Objective: The study objective was to assess the correlation between hypernatremia during the first week of life and neurodevelopmental outcomes at 18 months of corrected age in premature infants.
Study design: A retrospective observational study of preterm infants born at less than 32 weeks of gestation who had a neurodevelopmental assessment with the Bayley scales of infant and toddler development III at 18 ± 6 months of corrected age. Serum sodium levels from birth through 7 days of life were collected. The study cohort was divided into two groups: infants with a peak serum sodium of >145 mmol/L (hypernatremia group) and infants with a peak serum sodium level of <145 mmol/L (no hypernatremia group). Prenatal, intrapartum, and postnatal hospital course and neurodevelopmental data at 18 ± 6 months were collected. Logistic regression analysis was used to assess the correlation between neonatal hypernatremia and neurodevelopment with adjustment for selected population characteristics.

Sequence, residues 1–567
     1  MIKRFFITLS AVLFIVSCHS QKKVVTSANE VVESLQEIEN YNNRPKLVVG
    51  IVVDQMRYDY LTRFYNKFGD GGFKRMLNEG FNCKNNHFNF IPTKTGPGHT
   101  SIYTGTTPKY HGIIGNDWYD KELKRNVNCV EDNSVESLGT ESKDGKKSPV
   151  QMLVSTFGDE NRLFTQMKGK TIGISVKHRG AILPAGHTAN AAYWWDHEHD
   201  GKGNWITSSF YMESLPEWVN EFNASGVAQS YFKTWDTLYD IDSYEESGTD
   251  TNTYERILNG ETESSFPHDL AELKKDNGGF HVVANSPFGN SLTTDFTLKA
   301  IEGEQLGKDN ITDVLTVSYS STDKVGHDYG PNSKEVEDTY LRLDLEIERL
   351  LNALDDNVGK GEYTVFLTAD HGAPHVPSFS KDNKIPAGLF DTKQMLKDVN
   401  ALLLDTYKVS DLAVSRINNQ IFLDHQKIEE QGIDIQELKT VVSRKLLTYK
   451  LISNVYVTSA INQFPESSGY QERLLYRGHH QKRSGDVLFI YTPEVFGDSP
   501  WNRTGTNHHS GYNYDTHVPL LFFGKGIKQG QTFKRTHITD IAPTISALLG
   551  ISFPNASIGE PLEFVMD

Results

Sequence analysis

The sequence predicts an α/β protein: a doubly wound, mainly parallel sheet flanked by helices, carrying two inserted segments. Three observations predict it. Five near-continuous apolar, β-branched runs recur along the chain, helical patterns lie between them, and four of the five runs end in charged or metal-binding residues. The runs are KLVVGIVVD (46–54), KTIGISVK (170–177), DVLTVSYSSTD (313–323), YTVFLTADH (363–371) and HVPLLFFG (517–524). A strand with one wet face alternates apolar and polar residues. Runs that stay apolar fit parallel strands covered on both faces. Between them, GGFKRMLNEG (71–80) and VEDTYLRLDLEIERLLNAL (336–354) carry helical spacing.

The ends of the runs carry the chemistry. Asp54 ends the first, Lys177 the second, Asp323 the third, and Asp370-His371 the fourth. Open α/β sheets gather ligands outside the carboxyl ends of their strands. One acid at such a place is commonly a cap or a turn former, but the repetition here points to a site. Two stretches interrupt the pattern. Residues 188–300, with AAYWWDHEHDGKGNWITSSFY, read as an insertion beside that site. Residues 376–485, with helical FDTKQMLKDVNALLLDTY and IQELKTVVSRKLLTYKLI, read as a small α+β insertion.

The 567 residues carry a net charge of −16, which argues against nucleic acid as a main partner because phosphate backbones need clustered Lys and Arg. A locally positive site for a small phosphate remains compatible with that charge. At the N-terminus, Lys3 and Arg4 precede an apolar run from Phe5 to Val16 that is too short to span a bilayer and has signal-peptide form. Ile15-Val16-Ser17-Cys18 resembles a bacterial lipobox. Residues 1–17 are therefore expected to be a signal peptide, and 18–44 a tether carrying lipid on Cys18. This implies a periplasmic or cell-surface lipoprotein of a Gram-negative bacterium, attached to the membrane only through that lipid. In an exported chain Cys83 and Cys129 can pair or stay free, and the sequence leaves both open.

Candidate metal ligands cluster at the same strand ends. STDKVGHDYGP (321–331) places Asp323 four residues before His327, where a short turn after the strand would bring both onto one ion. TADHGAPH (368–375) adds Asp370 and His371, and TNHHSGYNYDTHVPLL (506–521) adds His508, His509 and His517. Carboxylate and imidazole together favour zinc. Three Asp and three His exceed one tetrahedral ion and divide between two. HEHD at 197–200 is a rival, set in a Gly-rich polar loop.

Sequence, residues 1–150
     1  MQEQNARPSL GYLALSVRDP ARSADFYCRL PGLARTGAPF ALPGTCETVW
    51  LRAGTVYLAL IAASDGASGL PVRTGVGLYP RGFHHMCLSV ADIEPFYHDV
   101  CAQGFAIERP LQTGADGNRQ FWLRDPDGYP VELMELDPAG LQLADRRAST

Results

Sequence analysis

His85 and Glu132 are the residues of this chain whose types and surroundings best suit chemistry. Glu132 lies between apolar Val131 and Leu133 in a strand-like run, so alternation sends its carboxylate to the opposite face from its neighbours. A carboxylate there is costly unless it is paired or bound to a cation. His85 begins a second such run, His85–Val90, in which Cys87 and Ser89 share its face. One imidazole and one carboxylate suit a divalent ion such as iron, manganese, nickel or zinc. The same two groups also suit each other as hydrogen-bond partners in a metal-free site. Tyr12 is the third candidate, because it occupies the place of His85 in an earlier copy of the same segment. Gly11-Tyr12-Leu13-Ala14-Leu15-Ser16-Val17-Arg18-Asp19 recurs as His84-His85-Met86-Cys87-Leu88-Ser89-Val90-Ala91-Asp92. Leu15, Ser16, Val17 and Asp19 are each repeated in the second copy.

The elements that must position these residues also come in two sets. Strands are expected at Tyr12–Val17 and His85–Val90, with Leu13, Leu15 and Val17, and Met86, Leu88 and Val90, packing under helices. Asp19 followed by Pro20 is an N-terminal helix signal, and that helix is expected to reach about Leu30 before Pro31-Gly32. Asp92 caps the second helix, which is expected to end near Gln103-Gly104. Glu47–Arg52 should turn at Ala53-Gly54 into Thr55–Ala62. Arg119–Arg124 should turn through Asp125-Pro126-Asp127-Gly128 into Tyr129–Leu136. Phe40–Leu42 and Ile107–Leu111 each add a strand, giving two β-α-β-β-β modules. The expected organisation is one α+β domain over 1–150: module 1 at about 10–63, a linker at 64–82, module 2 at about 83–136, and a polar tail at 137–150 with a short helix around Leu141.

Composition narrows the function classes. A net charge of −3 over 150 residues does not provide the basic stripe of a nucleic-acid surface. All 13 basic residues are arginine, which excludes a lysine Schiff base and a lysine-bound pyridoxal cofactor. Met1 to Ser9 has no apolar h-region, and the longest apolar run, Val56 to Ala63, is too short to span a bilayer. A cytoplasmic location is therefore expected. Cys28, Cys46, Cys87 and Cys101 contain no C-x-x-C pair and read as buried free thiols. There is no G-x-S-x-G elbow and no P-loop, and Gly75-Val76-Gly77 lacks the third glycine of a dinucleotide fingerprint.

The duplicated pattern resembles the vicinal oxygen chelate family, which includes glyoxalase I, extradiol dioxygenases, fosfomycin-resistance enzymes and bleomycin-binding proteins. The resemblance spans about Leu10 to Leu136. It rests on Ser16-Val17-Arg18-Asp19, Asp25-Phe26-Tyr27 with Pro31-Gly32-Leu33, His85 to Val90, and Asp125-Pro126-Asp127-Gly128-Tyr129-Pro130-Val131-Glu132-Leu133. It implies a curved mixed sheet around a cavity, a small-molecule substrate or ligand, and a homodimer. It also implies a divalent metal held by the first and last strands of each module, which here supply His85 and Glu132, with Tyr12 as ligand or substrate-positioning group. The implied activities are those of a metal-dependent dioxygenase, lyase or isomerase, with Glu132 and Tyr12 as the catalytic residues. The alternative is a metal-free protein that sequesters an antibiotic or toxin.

Results: Eighty-eight preterm infants with complete neurodevelopmental outcome data at 18 ± 6 months of corrected gestational age were included in the study. Thirty-five neonates were in the hypernatremia group and 53 were in the no hypernatremia group. Maternal and neonatal characteristics were similar between the two groups except that the hypernatremia group had a significantly lower average birth weight and gestational age. Comparison of the mean neurodevelopmental scores between the two groups showed that patients in the hypernatremia group as compared with those in the no hypernatremia group had significantly lower neurodevelopmental scaled scores in the fine motor domain (p = 0.01). This difference remained significant (p = 0.03, odds ratio [OR] = 0.8, 95% confidence interval [CI]: 0.6-0.97) when adjusted for birth weight and gestational age.
Conclusion: Preterm infants born at less than 32 weeks of gestation with hypernatremia in the first week of life have lower fine motor scores at 18 months of corrected age.